Warning signs before sketchy ship's Gladstone visit

NOBODY saw the warning signs in the Five Stars Fujian's sketchy safety and financial record before it was contracted to collect $40million of Rio Tinto's coal from Dalrymple Bay Coal Terminal.

The nation's chief maritime authority banned the ship from Australian ports for 12 months on Wednesday in a dramatic climax to a month-and-a-half-long deadlock where the ship's Chinese owners refused to pay the crew's wages, refuel the ship and re-stock food supplies.

Yesterday afternoon Minister for Ports Mark Bailey said Australian Maritime Safety Authority had resolved the dispute with the ship's owners and the ship had resumed its voyage to China's port of Beilun.

The Five Stars Fujian has previously been issued with deficiencies by AMSA.
The Five Stars Fujian has previously been issued with deficiencies by AMSA. Marine Traffic

But AMSA's records reveal it had previously issued the ship with health and safety deficiencies at the Western Australian port of Dampier on January 23 last year.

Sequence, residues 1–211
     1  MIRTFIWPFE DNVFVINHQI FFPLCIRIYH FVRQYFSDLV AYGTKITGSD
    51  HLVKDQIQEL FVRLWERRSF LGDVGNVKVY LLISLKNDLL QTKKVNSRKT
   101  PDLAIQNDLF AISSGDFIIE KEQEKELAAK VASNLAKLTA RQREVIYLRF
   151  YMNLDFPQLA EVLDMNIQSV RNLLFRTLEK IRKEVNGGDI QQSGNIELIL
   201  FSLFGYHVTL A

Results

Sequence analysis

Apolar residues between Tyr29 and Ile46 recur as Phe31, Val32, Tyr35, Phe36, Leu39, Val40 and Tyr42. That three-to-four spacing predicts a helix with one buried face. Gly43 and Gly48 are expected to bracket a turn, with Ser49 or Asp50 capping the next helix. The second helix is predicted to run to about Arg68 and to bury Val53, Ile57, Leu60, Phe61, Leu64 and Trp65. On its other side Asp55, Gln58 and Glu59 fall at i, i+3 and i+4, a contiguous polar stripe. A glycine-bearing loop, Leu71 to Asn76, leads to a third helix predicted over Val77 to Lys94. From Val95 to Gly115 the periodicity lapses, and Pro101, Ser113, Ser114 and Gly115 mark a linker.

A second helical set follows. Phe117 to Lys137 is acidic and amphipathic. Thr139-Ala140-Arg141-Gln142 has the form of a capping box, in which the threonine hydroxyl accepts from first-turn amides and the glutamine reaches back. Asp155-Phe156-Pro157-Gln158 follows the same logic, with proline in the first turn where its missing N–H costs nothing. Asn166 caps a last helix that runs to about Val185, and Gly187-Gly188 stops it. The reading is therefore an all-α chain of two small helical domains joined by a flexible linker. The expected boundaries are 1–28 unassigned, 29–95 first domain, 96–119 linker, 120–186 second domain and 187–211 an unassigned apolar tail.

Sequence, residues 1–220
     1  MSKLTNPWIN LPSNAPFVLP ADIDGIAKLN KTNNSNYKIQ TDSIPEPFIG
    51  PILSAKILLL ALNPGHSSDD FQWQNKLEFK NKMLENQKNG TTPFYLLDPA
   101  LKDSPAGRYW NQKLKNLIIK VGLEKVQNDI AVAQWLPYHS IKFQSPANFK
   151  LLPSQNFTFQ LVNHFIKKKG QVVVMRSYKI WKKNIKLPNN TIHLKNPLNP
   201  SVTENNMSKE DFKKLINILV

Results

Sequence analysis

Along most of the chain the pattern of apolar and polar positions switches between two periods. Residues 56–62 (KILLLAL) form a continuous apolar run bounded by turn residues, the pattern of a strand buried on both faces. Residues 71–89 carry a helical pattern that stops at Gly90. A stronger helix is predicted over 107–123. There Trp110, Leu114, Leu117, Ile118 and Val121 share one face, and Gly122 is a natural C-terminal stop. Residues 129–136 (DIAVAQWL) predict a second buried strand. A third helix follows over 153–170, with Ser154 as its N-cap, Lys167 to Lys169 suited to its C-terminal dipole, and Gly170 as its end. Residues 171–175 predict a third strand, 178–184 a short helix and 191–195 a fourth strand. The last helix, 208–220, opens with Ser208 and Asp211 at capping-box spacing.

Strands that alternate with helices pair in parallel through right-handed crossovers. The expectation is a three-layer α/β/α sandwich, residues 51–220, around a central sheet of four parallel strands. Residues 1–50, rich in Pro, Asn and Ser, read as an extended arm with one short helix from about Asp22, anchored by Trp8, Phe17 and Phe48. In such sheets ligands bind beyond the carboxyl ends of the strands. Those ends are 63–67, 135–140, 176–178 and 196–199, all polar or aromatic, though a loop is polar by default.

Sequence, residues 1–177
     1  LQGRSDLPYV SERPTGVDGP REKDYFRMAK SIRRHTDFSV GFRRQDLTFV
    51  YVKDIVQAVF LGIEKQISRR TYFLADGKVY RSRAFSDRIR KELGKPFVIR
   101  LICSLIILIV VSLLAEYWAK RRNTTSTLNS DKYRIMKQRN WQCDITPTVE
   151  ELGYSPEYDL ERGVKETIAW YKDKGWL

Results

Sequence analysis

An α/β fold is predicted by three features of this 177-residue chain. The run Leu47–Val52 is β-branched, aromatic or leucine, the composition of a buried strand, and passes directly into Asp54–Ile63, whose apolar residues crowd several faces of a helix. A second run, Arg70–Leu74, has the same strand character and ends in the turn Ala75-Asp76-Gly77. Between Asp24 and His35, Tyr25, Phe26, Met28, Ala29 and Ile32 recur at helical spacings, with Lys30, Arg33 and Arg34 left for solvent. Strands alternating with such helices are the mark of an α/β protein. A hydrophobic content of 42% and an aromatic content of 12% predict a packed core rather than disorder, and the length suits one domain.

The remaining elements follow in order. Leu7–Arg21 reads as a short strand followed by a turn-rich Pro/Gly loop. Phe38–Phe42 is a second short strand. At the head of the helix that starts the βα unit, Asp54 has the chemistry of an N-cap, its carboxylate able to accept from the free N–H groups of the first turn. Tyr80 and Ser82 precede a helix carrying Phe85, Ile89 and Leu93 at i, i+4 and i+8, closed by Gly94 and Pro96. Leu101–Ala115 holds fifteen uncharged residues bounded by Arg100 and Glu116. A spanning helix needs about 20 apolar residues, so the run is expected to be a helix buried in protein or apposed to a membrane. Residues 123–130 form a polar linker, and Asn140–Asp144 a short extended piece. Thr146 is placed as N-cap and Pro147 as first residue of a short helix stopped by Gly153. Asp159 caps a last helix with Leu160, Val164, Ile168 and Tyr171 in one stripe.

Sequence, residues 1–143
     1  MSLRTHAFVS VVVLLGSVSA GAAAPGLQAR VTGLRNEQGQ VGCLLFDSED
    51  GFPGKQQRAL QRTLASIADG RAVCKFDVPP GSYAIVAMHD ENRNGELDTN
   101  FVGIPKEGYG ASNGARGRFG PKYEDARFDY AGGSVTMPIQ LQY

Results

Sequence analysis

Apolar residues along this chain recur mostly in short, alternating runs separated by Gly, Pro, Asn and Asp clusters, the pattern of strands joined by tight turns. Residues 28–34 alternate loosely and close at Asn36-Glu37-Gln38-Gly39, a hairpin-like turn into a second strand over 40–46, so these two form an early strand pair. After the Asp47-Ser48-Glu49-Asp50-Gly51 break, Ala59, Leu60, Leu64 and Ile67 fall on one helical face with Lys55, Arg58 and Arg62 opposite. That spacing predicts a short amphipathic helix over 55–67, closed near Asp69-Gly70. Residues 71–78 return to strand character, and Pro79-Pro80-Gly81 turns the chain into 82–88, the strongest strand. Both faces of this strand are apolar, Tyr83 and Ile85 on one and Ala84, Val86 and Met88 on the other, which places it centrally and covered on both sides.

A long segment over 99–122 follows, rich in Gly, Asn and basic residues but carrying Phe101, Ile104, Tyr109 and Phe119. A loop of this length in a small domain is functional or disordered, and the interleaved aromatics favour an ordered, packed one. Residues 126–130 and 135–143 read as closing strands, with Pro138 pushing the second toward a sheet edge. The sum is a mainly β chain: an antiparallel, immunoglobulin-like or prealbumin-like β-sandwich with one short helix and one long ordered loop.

They related to a defective search and rescue transponder on the bridge, electrical insulation issues and faulty lights on life boats.

Signs of the owners' financial trouble emerged when International Transport Workers Federation inspectors found the crew were not paid in the three months to May when the ship was docked at a Chinese port.

The ship, which was first detained by order of Australia's Federal Court in July over a financial dispute between the owners and another party, was released this month.

"Too often it is the ship's crew who suffer the brunt of financial and physical hardship when international financing arrangements, which they have no control over, go sour," Mr Bailey said.

AMSA detained the ship days after it was released by the Federal Court when inspectors found there was not enough food on board to sustain the crew for the journey to its destination and the crew's wages had not been paid.

ITF assistant co-ordinator Matt Purcell said the saga had exposed weaknesses in Australia's regulatory system, with "big multi-national companies" contracting ships without checking their safety records.

Mr Purcell said the crew had been paid just six weeks of wages since they first boarded in Taiwan on June 17.

But an AMSA spokesman said Hong Kong's peak maritime body had confirmed, under Hong Kong law, it was "acceptable" to pay the crew's August wages by the end of September. He said AMSA could only enforce the agreements signed in the ship's flag state.

The ITF plans to arrange for an inspector to board the ship to ensure the crew's wages are paid at its destination.

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